As a new year dawns, one becomes acutely aware of Time.
When looking through another Precedent H, I started to wonder how much additional time the costs budgets regime had added to litigation. For others, time is money. Indeed, research has shown that costs budgets have increased litigation costs significantly. This is surely not what the Jackson reforms were meant to engender. As with any new legal development, however, costs budgets have formed part of the attack arsenal which a diligent lawyer can employ during a case so time really does need to be spent on them.
On another cheery note, it has also been suggested that professional negligence claims against solicitors have trebled over recent years. Part of this has been put down to limitation periods approaching expiry on many of the property/lender claims arising out of the recession. In any event, it reminds us – as another year passes – that limitation perennially remains a matter that we must always be mindful of.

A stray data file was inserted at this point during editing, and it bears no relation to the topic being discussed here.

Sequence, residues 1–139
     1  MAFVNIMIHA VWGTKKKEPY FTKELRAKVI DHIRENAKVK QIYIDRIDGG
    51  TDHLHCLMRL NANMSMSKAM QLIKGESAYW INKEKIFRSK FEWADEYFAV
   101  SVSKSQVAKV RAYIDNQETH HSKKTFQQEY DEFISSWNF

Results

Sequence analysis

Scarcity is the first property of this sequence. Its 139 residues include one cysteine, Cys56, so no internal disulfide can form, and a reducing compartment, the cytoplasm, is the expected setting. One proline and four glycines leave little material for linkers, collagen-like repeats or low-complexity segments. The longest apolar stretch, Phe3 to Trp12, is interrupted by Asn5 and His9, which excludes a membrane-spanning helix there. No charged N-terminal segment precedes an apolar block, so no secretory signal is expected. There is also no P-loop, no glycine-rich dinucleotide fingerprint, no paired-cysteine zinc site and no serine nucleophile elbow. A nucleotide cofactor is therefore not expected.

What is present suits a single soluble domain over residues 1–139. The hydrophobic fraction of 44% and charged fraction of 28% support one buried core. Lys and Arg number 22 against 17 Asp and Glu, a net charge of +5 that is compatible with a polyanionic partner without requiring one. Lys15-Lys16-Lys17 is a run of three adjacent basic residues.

One aspect of limitation that is frequently misunderstood concerns s.32 of the 1980 Act, a provision that seems to be cited more regularly nowadays and led to a number of cases in the Court of Appeal during 2014 alone. S.32 can be used to argue that a professional deliberately concealed a material fact from a potential claimant, thereby causing the primary limitation period to expire. What must be remembered is that for a claimant to succeed he/she must prove that they could not have discovered said fact with reasonable diligence. They must further prove that said fact is essential for them to plead their cause of action. Moreover, they must prove that the alleged tortfeasor deliberately concealed the fact. These are particularly high hurdles for an applicant/claimant.
Time will tell if this year sees a change to any of the above issues, or if it will be a case of plus ça change…